October 31, 2010
Conservative Republican control of the House is step one. Taking control of the Senate is step two, regardless of whether we do it in 2010 or 2012. And step three is electing a conservative president in 2012. It will not be as easy as one-two-three, but it can be done and it must be done to take back our government.
This two-year hijacking of our government by an ultra-liberal president and Congress has put this country on a fast and dangerous path to socialism. It has been fast when you consider how fast the national debt has escalated while the economy has stalled. And even though we survived the financial meltdown of late 2008 and early 2009, we are still dangerously close to a double-dip recession. Even worse, a depression is possible depending upon the actions of the upcoming lame duck session of Congress.
The first priority for the newly elected Congress is to rebuild some credibility with the American people. The new political party in control must do what it said it would do, even if it does not ultimately become law. The people are tired of being lied to, deceived and ignored. Congress’s approval rating is at an all-time low for those reasons.
The voters also want the spending and spending deception to stop in a dramatic way. A $1 trillion stimulus bill has not stimulated the economy. It has created 198,000 new federal government jobs, while private sector jobs have decreased by more than 7 million since the end of 2007. The new Congress should do something dramatic, such as ending earmarks in proposed legislation, or refusing to allow any increases in federal budgets, except maybe national security spending and homeland security.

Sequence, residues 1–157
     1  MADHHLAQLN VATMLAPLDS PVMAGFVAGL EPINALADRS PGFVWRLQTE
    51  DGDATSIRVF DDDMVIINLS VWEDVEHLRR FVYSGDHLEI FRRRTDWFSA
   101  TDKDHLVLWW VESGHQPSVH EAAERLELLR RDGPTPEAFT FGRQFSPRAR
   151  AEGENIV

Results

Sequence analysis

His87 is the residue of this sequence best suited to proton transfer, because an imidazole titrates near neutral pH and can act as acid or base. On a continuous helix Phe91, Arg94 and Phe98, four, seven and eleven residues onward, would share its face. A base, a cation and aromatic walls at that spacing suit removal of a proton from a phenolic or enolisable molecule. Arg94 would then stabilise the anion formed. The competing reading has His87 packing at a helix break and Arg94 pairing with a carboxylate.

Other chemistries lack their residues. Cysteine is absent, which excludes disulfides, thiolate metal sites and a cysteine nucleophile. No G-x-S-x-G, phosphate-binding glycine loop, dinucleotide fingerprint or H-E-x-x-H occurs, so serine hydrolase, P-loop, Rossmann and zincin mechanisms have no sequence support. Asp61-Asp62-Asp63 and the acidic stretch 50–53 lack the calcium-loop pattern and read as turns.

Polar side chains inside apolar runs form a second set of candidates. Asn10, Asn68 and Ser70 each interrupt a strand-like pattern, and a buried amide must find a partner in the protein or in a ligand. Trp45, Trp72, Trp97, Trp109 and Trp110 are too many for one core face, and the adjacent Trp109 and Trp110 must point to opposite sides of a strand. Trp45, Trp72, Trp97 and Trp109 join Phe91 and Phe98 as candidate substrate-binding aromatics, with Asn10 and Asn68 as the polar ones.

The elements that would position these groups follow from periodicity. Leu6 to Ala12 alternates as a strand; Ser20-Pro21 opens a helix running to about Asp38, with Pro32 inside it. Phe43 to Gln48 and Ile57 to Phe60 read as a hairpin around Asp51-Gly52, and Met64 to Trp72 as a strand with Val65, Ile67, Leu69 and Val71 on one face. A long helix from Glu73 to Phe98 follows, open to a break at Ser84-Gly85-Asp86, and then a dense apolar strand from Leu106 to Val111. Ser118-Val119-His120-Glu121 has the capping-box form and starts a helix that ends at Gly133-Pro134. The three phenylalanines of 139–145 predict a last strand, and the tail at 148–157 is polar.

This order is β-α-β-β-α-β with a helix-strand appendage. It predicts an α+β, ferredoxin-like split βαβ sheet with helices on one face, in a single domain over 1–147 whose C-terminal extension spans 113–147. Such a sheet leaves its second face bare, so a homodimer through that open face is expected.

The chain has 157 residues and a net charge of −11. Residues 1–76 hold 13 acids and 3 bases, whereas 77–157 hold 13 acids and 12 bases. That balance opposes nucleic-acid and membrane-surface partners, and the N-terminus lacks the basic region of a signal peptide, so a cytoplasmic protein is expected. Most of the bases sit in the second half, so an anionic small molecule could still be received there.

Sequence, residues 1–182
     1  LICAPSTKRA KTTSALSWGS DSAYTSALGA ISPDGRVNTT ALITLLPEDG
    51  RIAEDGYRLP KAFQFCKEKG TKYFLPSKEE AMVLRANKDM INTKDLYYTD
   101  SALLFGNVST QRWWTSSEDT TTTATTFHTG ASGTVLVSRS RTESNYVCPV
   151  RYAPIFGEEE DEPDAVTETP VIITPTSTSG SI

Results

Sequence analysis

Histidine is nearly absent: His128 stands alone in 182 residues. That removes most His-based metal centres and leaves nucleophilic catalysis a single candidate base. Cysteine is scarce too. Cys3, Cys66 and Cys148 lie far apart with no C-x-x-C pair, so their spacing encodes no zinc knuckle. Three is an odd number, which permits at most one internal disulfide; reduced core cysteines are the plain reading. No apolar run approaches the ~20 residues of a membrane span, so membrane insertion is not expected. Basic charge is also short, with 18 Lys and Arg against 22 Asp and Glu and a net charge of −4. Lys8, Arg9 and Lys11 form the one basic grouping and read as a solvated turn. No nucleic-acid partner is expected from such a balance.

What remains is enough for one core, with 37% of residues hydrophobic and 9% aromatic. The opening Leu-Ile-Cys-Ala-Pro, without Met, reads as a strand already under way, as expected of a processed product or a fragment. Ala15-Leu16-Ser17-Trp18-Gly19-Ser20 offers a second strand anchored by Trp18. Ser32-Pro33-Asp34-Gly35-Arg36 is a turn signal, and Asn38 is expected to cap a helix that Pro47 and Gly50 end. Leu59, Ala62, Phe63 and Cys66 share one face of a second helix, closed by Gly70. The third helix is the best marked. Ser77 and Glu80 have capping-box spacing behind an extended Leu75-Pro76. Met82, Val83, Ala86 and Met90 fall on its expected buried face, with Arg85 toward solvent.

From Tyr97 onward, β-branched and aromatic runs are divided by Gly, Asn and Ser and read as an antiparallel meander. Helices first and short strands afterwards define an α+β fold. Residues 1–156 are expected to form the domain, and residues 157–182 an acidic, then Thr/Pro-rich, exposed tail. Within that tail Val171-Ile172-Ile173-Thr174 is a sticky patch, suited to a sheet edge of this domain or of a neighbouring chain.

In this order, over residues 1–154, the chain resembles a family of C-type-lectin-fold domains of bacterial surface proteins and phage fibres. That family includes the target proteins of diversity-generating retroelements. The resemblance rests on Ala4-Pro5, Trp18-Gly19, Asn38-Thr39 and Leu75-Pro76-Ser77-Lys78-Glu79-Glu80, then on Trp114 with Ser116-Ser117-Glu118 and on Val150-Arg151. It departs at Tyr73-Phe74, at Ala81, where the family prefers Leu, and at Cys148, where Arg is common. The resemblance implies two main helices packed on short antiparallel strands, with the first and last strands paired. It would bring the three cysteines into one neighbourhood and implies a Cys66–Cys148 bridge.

Onerous new legislation and regulations have caused businesses to save their cash, if they have any, because of the massive uncertainty created by this administration and Congress. The new Congress should repeal, rollback and replace those policies that have brought this economy to a halt.
These suggestions are not new, and are small steps on the long road to recovery of our once energetic economy. Congress has got to establish some serious fiscal discipline, and we must reclaim our constitutional liberties.
This can be accomplished, but only if we continue the move back to conservative leadership in Washington, D.C. And it’s going to be tough every step of the way.
The likely results of November 2, 2010 are just the beginning of a long and challenging journey. On November 3, the challenges become greater. Because winning elections is hard, but achieving results in Congress is even harder.
And just as the citizens’ Tea Party movement has heavily impacted the midterm election results of 2010, the movement will also impact the results in Congress going forward. Contrary to the wishes of the liberals and the political elites in Washington, those “tea party people” are not going away.
They are not going away because of the power and reach of the Internet, the pent-up frustration with the government’s inability to truly solve anything of substance. The passion of the people has enabled and empowered a movement to take our government back.
It’s a long road ahead, but the sleeping giant called “We the People” is not going back to sleep again.